This tiny cruiser is intended for people who like exploring in small boats but don't have a big workshop or storage space.
The design began by calculating the smallest possible footprint for a boat that would sail and row well, allow a single person to sleep aboard in some comfort and carry a week's worth of supplies. Designer John Harris's conclusion was that a 10′ 6″ (3.2 m) hull is capable of respectable performance on all points and, in skilled hands, can manage rough coastal conditions.
I asked myself the question, ‘Just how small can we go and still have a solid camp-cruiser with good sailing and rowing qualities?’ The appeal of these tiny boats includes the low upfront cost, the magical way in which small boats make small voyages feel like big ones, and the ability between adventures to store the boat maintenance-free in the backyard or a corner of the garage.
John C. Harris, designer
The ‘nesting’ function means that the bow and stern may be unbolted and stowed in the middle section. This makes it plausible to keep the boat in an apartment, as it will just fit through a 32-inch (813 mm) doorway. It also fits in John's garden shed – not an incidental consideration.
‘It may seem odd to talk about this up front,’ says the designer, ‘but storage is a huge problem for everybody. And let's just go ahead and admit to ourselves that most sailboats sit unused for long periods of time. By shrinking beachcruiser features into the smallest practical package, we've eliminated much of the guilt you'll feel when the boat sits idle. A larger boat moulders on its trailer in the back yard while you fight the rainwater that collects in the tarp. Or the boats siphons your checking account while stored at a marina. But if your cruising boat is small enough to stand on end in a corner of your garage, the worst thing that happens is that it gets dusty.’
Real beachcruiser features are the heart of the Nesting Expedition Dinghy, starting with the cockpit. It will accommodate a 6′ 3″ (1.91 m) sailor sleeping on the floorboards. A nylon tent is easily snapped around the cockpit coaming, giving you 52″ (1.3 m) of sitting headroom. Leeboards, on unusually efficient cantilevered mounts, keep the cockpit clear of clutter. Oars have dedicated storage on deck. Large watertight compartments in the bow and stern will hold far more gear than you could ever carry in a backpack. A big-boat feature is a dedicated self-draining anchor well in the bow, so that your muddy anchor and rode never come near the cockpit.
The boat is designed to carry 45 kg of water ballast underneath the cockpit, making the boat stable when the crew shifts their weight, so that it isn't exhausting to live aboard for a few days.
The Nesting Expedition Dinghy is a beach-cruiser at heart and will be at its best when hopping from cove to cove in mostly sheltered waters. With a draught of six or seven inches, you'll be able to explore rivers and estuaries that are normally off-limits to anything larger than a kayak or canoe.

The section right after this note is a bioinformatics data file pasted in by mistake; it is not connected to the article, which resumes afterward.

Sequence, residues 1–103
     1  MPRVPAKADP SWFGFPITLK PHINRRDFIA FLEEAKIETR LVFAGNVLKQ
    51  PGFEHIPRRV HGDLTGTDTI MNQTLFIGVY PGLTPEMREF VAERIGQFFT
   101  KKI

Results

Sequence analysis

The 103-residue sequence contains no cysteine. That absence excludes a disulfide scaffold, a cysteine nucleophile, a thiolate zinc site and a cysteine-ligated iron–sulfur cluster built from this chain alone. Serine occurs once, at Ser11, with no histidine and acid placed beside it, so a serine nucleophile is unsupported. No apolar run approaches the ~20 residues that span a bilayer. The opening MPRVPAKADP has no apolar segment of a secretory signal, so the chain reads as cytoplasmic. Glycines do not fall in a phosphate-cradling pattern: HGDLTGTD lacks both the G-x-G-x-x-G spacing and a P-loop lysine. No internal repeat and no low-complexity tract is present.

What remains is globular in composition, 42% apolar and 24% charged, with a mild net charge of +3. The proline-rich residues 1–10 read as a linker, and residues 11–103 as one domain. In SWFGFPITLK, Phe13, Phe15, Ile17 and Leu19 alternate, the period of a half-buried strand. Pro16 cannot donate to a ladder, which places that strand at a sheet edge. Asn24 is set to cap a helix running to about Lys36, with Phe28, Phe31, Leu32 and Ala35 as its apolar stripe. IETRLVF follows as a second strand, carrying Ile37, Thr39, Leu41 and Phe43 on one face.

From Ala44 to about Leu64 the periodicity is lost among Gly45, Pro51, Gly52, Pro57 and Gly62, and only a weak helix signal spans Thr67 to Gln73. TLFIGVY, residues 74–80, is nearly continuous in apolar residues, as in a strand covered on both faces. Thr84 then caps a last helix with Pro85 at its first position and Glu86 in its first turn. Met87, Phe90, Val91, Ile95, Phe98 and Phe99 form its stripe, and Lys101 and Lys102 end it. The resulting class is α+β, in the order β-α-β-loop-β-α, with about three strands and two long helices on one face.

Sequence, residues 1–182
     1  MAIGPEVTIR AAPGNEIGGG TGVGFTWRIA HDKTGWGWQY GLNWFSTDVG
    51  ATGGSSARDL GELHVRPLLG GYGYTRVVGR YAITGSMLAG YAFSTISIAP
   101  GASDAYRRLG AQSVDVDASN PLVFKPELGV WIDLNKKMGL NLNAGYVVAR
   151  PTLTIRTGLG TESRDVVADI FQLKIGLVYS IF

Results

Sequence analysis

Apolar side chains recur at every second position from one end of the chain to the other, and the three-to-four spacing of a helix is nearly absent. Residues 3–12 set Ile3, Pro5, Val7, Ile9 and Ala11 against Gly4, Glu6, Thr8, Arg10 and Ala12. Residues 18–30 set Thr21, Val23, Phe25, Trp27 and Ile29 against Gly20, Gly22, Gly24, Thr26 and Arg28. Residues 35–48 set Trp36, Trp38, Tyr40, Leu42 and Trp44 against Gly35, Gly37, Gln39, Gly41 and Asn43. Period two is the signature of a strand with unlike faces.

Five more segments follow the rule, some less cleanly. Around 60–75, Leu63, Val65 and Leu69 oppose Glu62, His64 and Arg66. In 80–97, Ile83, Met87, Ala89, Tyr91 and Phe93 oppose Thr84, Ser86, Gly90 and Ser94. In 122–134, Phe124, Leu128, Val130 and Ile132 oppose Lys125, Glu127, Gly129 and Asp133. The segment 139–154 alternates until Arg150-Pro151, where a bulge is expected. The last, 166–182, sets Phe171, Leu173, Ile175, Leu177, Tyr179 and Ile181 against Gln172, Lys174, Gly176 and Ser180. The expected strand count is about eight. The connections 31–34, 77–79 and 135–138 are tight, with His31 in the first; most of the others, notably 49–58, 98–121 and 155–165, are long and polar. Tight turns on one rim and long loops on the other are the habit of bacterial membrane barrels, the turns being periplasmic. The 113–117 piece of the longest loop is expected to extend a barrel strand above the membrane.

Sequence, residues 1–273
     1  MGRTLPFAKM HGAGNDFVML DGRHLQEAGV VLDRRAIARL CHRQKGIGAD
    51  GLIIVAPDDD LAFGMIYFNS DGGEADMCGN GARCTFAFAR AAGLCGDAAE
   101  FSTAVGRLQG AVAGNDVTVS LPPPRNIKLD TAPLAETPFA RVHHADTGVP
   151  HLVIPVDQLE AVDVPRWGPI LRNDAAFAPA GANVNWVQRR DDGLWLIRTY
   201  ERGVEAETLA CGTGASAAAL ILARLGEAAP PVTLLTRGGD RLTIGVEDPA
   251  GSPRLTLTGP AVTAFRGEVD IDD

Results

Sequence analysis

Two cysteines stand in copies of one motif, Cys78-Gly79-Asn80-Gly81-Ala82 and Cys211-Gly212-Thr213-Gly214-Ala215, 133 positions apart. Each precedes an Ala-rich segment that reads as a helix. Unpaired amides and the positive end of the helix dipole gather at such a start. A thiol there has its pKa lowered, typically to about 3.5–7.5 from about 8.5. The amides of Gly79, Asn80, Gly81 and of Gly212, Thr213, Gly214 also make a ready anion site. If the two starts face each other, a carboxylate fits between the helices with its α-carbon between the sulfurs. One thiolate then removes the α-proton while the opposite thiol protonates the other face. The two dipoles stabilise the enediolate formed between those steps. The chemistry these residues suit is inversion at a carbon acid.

Early tests suggest the boat is a delight to sail. Deep rocker keeps the wetted surface low and improves handling in choppy conditions. The Nesting Expedition Dinghy pops right up to hull speed and is easy to keep moving. The yawl rig, featuring a furling jib, solent lug mainsail and leg o'mutton mizzen, provides numerous sail combinations to suit conditions from light airs to run-for-shelter gales. The simpler (and slightly smaller) balanced-lug rig is easier to handle and will be a good choice for windy areas.
While the Nesting Expedition Dinghy is responsive and fun to sail, John provides some perspective: ‘I imagine you could see five knots in the right conditions, but this design is meant for covering distance in comfort, not winning regattas. 30-40 mile days are the target here. 3½ or 4 knots for eight to ten hours. That doesn't seem all that fast until you compare it to what a backpacker can manage on the trail, which is half that, at best. And you can carry four times more gear in the boat than you can in a backpack.’
Construction is straightforward, especially for someone with a bit of carpentry background. The plans are detailed and easy to follow, with plywood layouts and measurements. Fibreglass sheathing is suggested for durability but isn't a requirement. The hull is built from 6 mm and 9 mm plywood with chine logs and sheer clamps. Spars are stock aluminium tubes.
Considerable weight and construction time could be saved by eliminating the nesting feature; the plans also show this option. This would also create a longer cockpit, for taller sailors.
This option is to download the complete plans and manual for building the Nesting Expedition Dinghy in PDF format. The plans comprise 19 sheets sized 11″ × 17″ (280 × 432 mm). All dimensions are shown in both metric and imperial units.
While the level of detail in these plans is very high, builders need to be comfortable reading and working from plans.
After credit card authorisation a download link will be sent to the email address put on the order form.
These study plans are intended to give you an overview of the construction of the boat. They are in PDF format that can be viewed using Adobe Reader. There are three pages and they measure 279 × 216 mm (11″ × 8½″). They can be printed for carrying around.
After credit card authorisation a download link for the study plans will be sent to the email address put on the order form.